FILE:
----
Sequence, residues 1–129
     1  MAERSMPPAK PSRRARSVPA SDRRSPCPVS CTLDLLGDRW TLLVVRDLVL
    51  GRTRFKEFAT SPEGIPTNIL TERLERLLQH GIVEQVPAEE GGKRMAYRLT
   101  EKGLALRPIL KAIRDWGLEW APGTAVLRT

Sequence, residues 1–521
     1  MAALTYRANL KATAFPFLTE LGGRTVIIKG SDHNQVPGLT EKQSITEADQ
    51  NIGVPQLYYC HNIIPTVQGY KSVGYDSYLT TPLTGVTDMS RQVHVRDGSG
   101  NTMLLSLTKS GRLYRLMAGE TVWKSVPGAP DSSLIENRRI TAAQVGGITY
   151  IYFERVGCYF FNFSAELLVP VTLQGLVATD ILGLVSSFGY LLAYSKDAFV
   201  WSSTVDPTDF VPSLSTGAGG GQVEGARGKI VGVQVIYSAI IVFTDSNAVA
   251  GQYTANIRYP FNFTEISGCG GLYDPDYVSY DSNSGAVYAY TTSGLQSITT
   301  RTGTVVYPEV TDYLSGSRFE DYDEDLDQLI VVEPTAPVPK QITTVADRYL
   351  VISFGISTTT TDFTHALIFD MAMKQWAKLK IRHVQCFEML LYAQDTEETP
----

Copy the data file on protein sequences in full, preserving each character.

Sequence, residues 1–129
     1  MAERSMPPAK PSRRARSVPA SDRRSPCPVS CTLDLLGDRW TLLVVRDLVL
    51  GRTRFKEFAT SPEGIPTNIL TERLERLLQH GIVEQVPAEE GGKRMAYRLT
   101  EKGLALRPIL KAIRDWGLEW APGTAVLRT

Sequence, residues 1–521
     1  MAALTYRANL KATAFPFLTE LGGRTVIIKG SDHNQVPGLT EKQSITEADQ
    51  NIGVPQLYYC HNIIPTVQGY KSVGYDSYLT TPLTGVTDMS RQVHVRDGSG
   101  NTMLLSLTKS GRLYRLMAGE TVWKSVPGAP DSSLIENRRI TAAQVGGITY
   151  IYFERVGCYF FNFSAELLVP VTLQGLVATD ILGLVSSFGY LLAYSKDAFV
   201  WSSTVDPTDF VPSLSTGAGG GQVEGARGKI VGVQVIYSAI IVFTDSNAVA
   251  GQYTANIRYP FNFTEISGCG GLYDPDYVSY DSNSGAVYAY TTSGLQSITT
   301  RTGTVVYPEV TDYLSGSRFE DYDEDLDQLI VVEPTAPVPK QITTVADRYL
   351  VISFGISTTT TDFTHALIFD MAMKQWAKLK IRHVQCFEML LYAQDTEETP